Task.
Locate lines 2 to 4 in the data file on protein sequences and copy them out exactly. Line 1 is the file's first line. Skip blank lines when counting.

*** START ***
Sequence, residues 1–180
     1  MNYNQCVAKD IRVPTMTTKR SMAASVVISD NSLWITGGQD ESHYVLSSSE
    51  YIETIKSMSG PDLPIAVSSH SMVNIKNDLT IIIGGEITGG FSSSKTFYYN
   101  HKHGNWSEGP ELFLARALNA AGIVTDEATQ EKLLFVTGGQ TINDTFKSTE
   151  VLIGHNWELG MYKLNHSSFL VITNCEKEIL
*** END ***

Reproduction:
     1  MNYNQCVAKD IRVPTMTTKR SMAASVVISD NSLWITGGQD ESHYVLSSSE
    51  YIETIKSMSG PDLPIAVSSH SMVNIKNDLT IIIGGEITGG FSSSKTFYYN
   101  HKHGNWSEGP ELFLARALNA AGIVTDEATQ EKLLFVTGGQ TINDTFKSTE